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Negative Interest Rates Put World On Course For Biggest Mass Default In History

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http://www.telegraph.co.uk/finance/comment/jeremy-warner/11569329/Jeremy-Warner-Negative-interest-rates-put-world-on-course-for-biggest-mass-default-in-history.html

Here’s an astonishing statistic; more than 30pc of all government debt in the eurozone – around €2 trillion of securities in total – is trading on a negative interest rate.

With the advent of European Central Bank quantitative easing, what began four months ago when 10-year Swiss yields turned negative for the first time has snowballed into a veritable avalanche of negative rates across European government bond markets. In the hunt for apparently “safe assets”, investors have thrown caution to the wind, and collectively determined to pay governments for the privilege of lending to them.

On a country by country basis, the statistics are even more startling. According to investment bank Jefferies, some 70pc of all German bunds now trade on a negative yield. In France, it's 50pc, and even in Spain, which was widely thought insolvent only a few years ago, it's 17pc.

Not only has this never happened before on such a scale, but it marks a scarcely believable turnaround on the situation at the height of the eurozone crisis just a little while back, when some European bond markets traded on yields that reflected the very real possibility of default. Yet far from being a welcome sign of returning economic confidence, this almost surreal state of affairs actually signals the very reverse. How did we get here, and what does it mean for the future? Whichever way you come at it, the answer to this second question is not good, not good at all.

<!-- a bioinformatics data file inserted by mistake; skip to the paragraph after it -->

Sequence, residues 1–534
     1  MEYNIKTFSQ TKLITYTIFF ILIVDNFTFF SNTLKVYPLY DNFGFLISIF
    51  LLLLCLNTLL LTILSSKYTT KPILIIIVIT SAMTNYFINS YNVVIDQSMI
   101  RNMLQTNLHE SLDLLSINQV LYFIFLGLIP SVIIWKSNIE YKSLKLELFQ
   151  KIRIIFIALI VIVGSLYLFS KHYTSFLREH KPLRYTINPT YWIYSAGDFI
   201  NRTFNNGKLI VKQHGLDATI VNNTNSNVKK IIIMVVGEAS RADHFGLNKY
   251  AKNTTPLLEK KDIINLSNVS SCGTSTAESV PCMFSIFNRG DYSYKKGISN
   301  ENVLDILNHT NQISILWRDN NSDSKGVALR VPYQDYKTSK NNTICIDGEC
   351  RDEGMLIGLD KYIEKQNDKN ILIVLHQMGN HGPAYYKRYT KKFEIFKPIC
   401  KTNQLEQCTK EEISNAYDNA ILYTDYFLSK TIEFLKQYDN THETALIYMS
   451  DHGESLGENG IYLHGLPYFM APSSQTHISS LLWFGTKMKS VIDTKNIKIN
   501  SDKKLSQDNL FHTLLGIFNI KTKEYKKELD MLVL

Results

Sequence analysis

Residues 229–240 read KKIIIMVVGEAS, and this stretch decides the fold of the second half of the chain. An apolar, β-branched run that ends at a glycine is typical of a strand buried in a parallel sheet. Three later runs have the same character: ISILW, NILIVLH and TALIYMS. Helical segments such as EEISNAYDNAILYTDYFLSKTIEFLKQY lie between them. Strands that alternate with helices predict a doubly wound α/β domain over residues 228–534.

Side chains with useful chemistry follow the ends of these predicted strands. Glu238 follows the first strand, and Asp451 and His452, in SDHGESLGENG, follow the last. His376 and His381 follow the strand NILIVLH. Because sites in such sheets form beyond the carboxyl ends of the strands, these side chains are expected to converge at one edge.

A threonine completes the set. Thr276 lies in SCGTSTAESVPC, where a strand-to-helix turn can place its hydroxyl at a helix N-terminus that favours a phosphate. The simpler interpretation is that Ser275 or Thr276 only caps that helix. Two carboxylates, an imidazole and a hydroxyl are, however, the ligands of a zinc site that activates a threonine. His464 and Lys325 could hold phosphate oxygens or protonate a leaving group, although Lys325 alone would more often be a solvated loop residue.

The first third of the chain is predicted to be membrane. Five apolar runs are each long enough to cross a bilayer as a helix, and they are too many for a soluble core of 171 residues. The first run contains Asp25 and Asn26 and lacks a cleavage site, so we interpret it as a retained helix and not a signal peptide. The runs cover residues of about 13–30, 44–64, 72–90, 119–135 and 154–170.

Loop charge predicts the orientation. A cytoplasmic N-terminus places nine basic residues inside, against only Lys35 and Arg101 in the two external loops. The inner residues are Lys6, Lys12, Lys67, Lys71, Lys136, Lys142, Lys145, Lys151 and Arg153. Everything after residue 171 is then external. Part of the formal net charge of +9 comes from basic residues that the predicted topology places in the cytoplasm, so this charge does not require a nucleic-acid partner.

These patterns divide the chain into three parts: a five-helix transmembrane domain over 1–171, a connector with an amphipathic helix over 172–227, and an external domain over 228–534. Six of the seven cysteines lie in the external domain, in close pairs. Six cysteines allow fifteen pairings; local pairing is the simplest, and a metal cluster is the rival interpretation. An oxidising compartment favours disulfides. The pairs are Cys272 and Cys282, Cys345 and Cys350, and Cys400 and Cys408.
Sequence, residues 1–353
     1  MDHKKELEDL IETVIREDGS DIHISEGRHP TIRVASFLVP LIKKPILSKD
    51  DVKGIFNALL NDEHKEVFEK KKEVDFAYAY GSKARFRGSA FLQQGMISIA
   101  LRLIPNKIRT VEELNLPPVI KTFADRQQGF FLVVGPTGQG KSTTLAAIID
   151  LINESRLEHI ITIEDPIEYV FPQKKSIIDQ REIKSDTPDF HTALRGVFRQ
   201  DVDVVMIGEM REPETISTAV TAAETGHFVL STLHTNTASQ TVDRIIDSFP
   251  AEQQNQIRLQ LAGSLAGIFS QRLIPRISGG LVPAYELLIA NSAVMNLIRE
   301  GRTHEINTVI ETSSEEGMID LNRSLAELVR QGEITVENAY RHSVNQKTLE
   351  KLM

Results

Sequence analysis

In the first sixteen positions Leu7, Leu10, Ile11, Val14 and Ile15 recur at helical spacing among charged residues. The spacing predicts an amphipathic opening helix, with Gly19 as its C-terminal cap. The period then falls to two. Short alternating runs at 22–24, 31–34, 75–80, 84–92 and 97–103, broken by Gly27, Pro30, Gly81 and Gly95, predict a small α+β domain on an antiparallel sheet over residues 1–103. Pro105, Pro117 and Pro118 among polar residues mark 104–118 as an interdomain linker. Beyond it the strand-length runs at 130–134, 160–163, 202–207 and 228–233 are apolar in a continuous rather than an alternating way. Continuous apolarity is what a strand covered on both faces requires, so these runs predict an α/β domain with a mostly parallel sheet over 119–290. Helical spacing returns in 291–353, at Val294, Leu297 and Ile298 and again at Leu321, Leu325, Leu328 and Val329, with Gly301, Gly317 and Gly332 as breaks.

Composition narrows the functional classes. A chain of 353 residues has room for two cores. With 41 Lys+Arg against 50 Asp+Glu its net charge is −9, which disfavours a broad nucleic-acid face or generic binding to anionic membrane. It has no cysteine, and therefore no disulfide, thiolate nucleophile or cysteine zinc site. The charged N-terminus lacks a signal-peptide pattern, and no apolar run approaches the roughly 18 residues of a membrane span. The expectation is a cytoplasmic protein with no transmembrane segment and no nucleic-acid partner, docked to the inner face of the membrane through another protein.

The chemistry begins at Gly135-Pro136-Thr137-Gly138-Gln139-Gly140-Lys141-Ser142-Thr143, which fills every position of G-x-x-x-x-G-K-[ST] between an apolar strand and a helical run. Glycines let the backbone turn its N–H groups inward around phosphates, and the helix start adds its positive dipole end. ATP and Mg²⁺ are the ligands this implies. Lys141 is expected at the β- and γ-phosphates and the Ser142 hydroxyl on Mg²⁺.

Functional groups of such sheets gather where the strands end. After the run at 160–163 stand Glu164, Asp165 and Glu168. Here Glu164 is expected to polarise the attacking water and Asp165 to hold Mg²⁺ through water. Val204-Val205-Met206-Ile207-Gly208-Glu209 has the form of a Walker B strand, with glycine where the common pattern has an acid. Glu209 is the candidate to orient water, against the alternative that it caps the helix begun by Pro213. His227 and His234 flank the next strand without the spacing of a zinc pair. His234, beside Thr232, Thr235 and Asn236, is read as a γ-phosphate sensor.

public_private_deb_3284098a.PNG

There is clear divergence on Eurozone bonds especially if you compare German negative and Greek in double figures. I'm not sure how multiples work when one of the number is negative, anyone any ideas?

Secondly this chart is quite incredible (Public and private debt in advanced economies since 1970: Source Longview Economics) the peak of private debt wasn't in fact during the "the great depression" but just as WW1 started. I've heard Richard Werner state that just prior to WWI starting the UK was having a banking crisis anyone know what was happening in the banking system at this point. He states that the BoE had to rescue the system, which was essential because of the war.

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Interesting article.

Regarding the 2nd chart in the article (the chart above). The telegraph constantly publishes charts that stop in 2010 the year of the last general election - as if there's something to hide from 2010 to 2015.

Edited by billybong

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Interesting article.

Regarding the 2nd chart in the article (the chart above). The telegraph constantly publishes charts that stop in 2010 the year of the last general election - as if there's something to hide from 2010 to 2015.

Ha, of course they do! Lest the truth of Gidiot's 'recovery plan' is exposed. It's also somewhat misleading to aggregate debt in that way since the economic cycles of nations are never perfectly synchronous.

Steve Keen's corrected chart of US debt/GDP (below) illustrates that both the Great Depression and the Great Recession occurred when US private sector debt hit ~175% of GDP. The subsequent spike to 240% of GDP in 1932 was a consequence of the slump in current prices that took place during 1930 and 1931.

071413_1432_IsayTomatOh5.png

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For the Torygraph the comments are more interesting than the article.

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What ever it is they are attempting to hide? Their intention. The present coarse must be deliberate, we are where they want us to be. I don't believe this simple people getting caught out. The system is being run into the ground deliberately.

More up to date charts would probably show that things are getting worse much worse.

Also the Gov say one thing and does the other.

Almost certainly the graph would show that the government is doing a bad job.

If it's bad just don't print it. There is limit to how much untruth you can print and still be in business as a "news paper?"

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